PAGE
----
1792 - right from the start, this was the sort of disaster that comes from trying to "aid" trade. Unfortunately, nobody could cure William Duer’s speculative bent. He was now the colossus of New York financial markets and derisively crowned “King of the Alley” by Jefferson.64 In late 1791, determined to corner the market in government bonds and bank shares, he formed a secret partnership with Alexander Macomb, a wealthy land speculator. Hamilton had just chosen Duer as governor of the Society for Establishing Useful Manufactures, where Macomb also served as a director. Now, to finance stock manipulation, the reckless Duer borrowed vast sums on his The 1792 financial panic came on the heels of the two great projects by which Hamilton hoped to excite the public with the shimmering prospects for American manufacturing: the Society for Establishing Useful Manufactures and submission of his Report on Manufactures. The outlook for both was badly damaged by the panic. Even a short list of the worst offenders in the share mania—William Duer, Alexander Macomb, New York broker John Dewhurst, Royal Flint—included so many SEUM directors that it almost sounded like a company venture. Duer’s notoriety was especially detrimental since he had been SEUM governor, its largest shareholder, and its chief salesman in hawking securities. When Hamilton dispatched his friend Nicholas Low to sound out Duer in prison, the unyielding financier refused to resign as SEUM governor or account for the whereabouts of society funds. People who had pledged to purchase shares retreated in droves as the society’s good name was muddied. The remaining SEUM directors rummaged through its books to assess the damage and were dismayed to learn that Duer had emptied the society’s bank accounts for his own use. “I trust they are not diverted,” Hamilton had warned Duer in a letter. “The public interest and my reputation are deeply concerned in this matter.”89 When the panic had hit, Duer had had ten thousand dollars of society funds in his possession, and that money now simply vanished. It turned out he had taken a liberal fifty-thousand-dollar loan from the SEUM treasury (though much of this was recouped when shares he pledged as collateral were sold), and another fifty thousand to buy textile machinery had gone to John Dewhurst, who had absconded with the funds to Pennsylvania. When the society board held its quarterly meeting in New Brunswick, New Jersey, that April, the New York directors were so distracted by the mayhem that not a single one showed up. Deputy Governor Archibald Mercer appealed to Hamilton to “assist us in our operations as far as [it is] in your power.”90 To revive the board’s spirits, Hamilton promised to try to arrange loans for the society and suggested it hire needed workmen from Europe. What quickly became apparent was that the board was rife with financiers who were abysmally ignorant of industrial matters. “For my part, I confess myself perfectly ignorant of every duty relating to the manufacturing business,” Mercer admitted to Hamilton while begging him to attend a special society meeting in mid-May. Intent upon salvaging the enterprise, Hamilton stole How exactly would the SEUM, its coffers cleaned out by Duer, pay for its property on the Passaic River? Hamilton privately approached William Seton at the Bank of New York and arranged a five-thousand-dollar loan at a reduced 5 percent interest rate. He cited high-minded reasons, including the public interest and the advantage to New York City of having a manufacturing town across the Hudson, but more than the public interest was at stake: “To you, my dear Sir, I will not scruple to say in confidence that the Bank of New York shall suffer no diminution of its pecuniary faculties from any accommodations it may afford to the Society in question. I feel my reputation concerned in its welfare.”91 The SEUM’s collapse, Hamilton knew, could jeopardize his own career. In promising Seton that he would see to it as treasury secretary that the Bank of New York was fully compensated for any financial sacrifice entailed by the SEUM loan, Hamilton mingled too freely his public and private roles. L’Enfant was the wrong man for the job. Instead of trying to conserve money for the cash-strapped society, he contrived extravagant plans for a seven-mile-long stone aqueduct to carry water. He was enthralled by the idea of creating a grand industrial city on the pattern of the nascent Washington, D.C., with long radiating avenues, rather than with building a simple factory. By early 1794, L’Enfant shucked the project and spirited off the blueprints into the bargain. To find qualified textile workers, the society sent scouts to Scotland and paid for the laborers’ passage to America. Even the managers clamored for better pay, and SEUM minutes show that some disgruntled artisans personally hired by Hamilton began to sabotage the operation by stealing machinery. One of the saddest parts of the story relates to the employment of children. Whatever hopeful vision Hamilton may have had of children performing useful labor and being educated simultaneously, they had neither the time nor the money to attend school. To remedy the problem, the board hired a schoolmaster to instruct the factory children on Sundays—which, as Hamilton must have known, was scarcely a satisfactory solution. By early 1796, with Hamilton still on the board, the society abandoned its final lines of business, discontinued work at the factory, and put the cotton mill up for sale. Hamilton’s fertile dream left behind only a set of derelict buildings by the river. At first, it looked as if the venture had completely backfired. During the next two years, not a single manufacturing society received a charter in the United States. Chernow, Ron. Alexander Hamilton (pp. 388-389). Penguin Publishing Group. Kindle Edition. Chernow, Ron. Alexander Hamilton (p. 388). Penguin Publishing Group. Kindle Edition. Chernow, Ron. Alexander Hamilton (p. 387). Penguin Publishing Group. Kindle Edition. Chernow, Ron. Alexander Hamilton (p. 387). Penguin Publishing Group. Kindle Edition. Chernow, Ron. Alexander Hamilton (p. 387). Penguin Publishing Group. Kindle Edition. Chernow, Ron. Alexander Hamilton (pp. 386-387). Penguin Publishing Group. Kindle Edition. Chernow, Ron. Alexander Hamilton (p. 386). Penguin Publishing Group. Kindle Edition. Chernow, Ron. Alexander Hamilton (pp. 381-382). Penguin Publishing Group. Kindle Edition.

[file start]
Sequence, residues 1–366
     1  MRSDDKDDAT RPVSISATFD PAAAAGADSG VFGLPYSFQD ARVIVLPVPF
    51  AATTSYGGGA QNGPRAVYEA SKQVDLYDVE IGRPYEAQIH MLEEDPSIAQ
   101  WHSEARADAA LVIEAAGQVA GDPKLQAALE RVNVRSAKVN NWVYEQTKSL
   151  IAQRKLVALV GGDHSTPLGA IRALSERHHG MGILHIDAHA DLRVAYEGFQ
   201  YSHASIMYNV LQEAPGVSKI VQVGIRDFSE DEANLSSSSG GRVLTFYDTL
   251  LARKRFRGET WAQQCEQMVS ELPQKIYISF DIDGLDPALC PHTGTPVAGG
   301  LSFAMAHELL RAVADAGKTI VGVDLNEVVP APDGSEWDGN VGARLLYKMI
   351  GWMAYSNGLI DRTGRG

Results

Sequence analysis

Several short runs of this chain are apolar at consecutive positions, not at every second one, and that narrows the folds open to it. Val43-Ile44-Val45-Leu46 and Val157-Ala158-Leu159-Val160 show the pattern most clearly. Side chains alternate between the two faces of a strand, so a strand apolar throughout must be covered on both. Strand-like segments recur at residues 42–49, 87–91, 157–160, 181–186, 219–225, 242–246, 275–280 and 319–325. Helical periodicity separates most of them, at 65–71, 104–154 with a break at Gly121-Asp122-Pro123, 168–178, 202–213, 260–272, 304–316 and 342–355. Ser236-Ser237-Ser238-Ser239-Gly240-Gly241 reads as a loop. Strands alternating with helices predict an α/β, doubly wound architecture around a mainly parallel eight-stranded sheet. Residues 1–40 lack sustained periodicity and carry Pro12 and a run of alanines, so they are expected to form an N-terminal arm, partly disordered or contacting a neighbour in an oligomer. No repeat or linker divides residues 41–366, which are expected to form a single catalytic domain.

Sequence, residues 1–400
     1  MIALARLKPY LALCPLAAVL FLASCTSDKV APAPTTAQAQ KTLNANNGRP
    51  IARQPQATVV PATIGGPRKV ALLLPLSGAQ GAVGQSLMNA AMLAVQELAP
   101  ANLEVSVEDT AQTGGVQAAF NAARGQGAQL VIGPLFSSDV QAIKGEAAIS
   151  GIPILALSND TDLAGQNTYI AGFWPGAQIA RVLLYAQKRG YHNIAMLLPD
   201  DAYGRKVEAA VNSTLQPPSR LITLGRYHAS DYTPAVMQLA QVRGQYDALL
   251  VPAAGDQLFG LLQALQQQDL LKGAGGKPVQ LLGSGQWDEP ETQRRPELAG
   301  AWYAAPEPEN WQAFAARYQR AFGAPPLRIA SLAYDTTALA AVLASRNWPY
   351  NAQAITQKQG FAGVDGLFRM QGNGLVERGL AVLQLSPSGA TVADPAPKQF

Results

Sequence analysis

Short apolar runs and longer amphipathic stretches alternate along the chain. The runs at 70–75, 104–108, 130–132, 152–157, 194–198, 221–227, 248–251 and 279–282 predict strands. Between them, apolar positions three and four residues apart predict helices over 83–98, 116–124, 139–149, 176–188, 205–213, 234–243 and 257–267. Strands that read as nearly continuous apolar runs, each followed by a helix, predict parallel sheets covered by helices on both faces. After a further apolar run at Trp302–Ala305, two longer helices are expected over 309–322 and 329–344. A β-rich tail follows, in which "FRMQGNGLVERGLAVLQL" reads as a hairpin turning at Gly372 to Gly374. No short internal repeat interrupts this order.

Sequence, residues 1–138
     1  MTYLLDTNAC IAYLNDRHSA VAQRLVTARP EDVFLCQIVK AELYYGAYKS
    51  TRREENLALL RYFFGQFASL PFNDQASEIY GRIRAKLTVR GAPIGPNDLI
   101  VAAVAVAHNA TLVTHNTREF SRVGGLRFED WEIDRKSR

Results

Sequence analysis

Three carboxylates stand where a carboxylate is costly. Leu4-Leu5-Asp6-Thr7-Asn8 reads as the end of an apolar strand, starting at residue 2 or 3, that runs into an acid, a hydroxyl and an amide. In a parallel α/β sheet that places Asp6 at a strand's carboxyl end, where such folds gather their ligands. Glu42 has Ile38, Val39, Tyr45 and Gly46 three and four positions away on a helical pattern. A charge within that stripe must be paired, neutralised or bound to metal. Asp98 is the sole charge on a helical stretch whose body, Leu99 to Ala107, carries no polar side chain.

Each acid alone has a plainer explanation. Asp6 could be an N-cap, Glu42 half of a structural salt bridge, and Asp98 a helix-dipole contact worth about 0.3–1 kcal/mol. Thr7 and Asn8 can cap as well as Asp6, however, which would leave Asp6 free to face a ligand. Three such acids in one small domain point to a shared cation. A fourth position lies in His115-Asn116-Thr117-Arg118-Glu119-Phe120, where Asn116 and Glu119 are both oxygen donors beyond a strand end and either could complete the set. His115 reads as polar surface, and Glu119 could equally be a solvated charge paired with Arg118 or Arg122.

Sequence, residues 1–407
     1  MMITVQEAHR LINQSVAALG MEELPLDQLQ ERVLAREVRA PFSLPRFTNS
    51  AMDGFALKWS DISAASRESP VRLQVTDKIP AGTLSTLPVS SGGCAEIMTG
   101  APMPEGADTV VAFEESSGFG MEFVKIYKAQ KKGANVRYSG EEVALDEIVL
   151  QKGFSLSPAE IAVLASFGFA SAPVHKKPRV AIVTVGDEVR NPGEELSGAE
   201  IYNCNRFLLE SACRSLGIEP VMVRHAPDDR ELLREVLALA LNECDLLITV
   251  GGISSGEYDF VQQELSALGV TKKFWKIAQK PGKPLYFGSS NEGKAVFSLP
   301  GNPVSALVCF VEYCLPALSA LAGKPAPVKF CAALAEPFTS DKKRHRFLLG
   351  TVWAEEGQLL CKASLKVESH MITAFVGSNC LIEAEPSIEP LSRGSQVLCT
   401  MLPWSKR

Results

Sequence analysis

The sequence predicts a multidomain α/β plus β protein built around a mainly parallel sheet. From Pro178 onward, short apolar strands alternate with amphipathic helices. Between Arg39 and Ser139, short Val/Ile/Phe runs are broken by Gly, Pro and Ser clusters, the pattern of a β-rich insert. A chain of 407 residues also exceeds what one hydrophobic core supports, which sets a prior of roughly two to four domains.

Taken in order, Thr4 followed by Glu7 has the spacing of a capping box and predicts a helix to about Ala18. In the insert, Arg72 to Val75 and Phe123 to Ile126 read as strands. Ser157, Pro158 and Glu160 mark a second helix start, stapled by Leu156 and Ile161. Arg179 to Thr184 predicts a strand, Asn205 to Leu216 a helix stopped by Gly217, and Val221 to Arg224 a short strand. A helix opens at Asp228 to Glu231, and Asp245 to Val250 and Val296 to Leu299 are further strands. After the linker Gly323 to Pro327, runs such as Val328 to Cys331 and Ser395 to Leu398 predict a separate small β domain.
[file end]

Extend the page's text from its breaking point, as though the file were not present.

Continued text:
— Hamilton’s Society for Establishing Useful Manufactures